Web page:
Last month, an undercover investigation documented evidence of chronic drug misuse on derby horses to mask injuries and enhance their performance, particularly on a 5-year-old thoroughbred named Valediction. Now, the story has taken a welcome turn -- Sam Simon, co-creator of "The Simpsons" and outspoken animal activist -- bought the horse and transported him to a farm in Virginia.
The investigation, conducted by PETA, revealed scars on Valediction's legs that were likely the result of freeze-firing, a cruel practice that involves burning horses' legs with liquid nitrogen to try to stimulate blood flow to damaged legs, so that injured horses can still run. But now thanks to Sam Simon, who is currently battling terminal cancer, the horse will be retired from racing.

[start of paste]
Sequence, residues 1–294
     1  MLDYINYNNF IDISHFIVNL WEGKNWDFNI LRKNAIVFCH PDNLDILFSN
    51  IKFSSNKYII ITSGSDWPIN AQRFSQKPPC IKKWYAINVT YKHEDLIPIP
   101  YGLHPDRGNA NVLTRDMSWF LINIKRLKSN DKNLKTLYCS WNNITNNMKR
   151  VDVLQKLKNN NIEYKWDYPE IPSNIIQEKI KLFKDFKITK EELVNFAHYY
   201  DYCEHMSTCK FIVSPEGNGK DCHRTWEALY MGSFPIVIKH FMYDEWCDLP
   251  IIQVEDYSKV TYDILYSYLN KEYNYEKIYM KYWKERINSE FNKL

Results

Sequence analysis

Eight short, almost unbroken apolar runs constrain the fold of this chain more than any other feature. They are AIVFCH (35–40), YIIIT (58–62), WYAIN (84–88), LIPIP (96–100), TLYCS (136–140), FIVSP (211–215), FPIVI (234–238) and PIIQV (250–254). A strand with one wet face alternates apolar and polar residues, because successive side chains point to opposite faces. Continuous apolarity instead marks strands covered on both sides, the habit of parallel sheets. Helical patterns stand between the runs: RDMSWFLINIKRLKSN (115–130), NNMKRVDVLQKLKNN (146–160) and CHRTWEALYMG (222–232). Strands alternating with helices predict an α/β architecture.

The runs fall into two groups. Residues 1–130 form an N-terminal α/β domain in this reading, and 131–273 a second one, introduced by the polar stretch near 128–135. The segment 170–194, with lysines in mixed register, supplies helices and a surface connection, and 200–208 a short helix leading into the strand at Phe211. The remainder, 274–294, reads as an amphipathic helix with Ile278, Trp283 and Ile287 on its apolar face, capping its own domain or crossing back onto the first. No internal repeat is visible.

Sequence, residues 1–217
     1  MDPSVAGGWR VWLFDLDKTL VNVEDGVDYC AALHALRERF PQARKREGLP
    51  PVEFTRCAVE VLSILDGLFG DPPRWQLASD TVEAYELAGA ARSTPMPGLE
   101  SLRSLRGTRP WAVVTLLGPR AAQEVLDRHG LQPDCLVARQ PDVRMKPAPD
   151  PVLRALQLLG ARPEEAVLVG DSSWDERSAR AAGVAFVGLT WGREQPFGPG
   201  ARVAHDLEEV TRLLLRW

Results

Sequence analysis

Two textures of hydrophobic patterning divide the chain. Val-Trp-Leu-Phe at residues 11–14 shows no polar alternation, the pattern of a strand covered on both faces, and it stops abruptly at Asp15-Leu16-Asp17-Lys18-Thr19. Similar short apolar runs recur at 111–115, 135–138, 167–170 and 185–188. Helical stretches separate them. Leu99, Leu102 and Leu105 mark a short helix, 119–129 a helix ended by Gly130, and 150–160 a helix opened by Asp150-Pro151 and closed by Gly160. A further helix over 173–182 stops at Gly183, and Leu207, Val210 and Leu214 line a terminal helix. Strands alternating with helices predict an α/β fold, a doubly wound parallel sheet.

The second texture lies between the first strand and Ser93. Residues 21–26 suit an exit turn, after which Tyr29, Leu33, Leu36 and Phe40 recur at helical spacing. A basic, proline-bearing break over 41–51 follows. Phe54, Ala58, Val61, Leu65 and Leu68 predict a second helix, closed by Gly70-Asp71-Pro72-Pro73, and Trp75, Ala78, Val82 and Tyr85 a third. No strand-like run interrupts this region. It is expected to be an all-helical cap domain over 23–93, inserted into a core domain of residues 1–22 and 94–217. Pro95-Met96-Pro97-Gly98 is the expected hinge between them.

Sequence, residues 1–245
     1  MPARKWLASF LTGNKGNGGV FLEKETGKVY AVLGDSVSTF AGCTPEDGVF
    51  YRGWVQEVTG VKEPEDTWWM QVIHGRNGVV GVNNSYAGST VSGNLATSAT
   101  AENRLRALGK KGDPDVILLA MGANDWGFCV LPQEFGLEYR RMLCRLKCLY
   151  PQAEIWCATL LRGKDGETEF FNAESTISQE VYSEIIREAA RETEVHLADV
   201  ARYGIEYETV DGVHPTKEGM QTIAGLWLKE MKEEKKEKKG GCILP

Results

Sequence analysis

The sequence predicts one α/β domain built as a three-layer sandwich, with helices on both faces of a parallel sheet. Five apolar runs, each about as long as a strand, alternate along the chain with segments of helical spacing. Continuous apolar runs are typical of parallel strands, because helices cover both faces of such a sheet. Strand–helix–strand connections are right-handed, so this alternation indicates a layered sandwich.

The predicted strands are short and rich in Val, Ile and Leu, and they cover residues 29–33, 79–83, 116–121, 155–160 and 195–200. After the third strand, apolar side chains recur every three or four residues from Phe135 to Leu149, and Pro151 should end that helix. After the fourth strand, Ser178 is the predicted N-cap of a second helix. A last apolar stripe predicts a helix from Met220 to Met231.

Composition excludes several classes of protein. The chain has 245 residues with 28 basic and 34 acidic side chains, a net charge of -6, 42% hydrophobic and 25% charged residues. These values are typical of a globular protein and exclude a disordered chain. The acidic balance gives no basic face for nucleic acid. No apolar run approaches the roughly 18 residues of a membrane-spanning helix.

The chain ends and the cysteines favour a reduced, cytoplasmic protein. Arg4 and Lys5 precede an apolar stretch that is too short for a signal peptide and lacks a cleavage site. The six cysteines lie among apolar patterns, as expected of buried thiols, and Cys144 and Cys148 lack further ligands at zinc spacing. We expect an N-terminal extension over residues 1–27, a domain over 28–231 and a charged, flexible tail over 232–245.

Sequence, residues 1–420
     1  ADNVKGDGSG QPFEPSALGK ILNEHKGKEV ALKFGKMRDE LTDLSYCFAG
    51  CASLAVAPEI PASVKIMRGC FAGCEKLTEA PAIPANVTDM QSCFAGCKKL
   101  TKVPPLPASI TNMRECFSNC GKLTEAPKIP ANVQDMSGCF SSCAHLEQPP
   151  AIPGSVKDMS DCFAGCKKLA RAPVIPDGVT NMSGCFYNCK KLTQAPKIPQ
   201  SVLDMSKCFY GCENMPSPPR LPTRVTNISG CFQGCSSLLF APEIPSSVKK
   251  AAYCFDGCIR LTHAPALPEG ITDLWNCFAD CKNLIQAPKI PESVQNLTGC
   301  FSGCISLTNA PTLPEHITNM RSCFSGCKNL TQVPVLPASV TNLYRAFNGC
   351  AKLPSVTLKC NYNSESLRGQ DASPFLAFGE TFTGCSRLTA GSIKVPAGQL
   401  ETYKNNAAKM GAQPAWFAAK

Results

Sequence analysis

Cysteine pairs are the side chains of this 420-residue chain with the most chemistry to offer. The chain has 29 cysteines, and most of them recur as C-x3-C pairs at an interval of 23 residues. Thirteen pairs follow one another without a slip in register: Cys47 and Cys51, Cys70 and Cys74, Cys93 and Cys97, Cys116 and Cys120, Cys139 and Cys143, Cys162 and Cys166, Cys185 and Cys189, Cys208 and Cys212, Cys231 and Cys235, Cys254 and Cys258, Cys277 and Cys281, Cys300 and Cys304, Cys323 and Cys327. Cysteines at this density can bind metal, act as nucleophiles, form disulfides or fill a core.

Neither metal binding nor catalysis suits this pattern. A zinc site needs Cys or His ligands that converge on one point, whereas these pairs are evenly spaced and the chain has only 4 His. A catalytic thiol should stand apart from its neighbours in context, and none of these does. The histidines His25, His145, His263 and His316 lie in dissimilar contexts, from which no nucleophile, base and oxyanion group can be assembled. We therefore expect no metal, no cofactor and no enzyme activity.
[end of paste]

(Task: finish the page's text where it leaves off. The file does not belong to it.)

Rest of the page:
"I was not in the best of shape when I saw PETA's video and heard about the condition of this horse, Valediction, but it was immediately clear the horse was in deep trouble," Simon said in a release. "He had been run on bad legs to start with and had clearly been injured during the race and had stood there shaking, unable to put weight on his feet. ... When I see him in his blanket eating carrots, I know I helped one great horse ... escape the track and live in clover until the day he dies."
The video, which focused on the practices of Steve Asmussen, the nation's second-winningest horse trainer, and his assistant Scott Blasi, prompted Kentucky to open investigations into horse training practices. And with the famed Kentucky Derby this weekend, it's important to consider the treatment of race horses.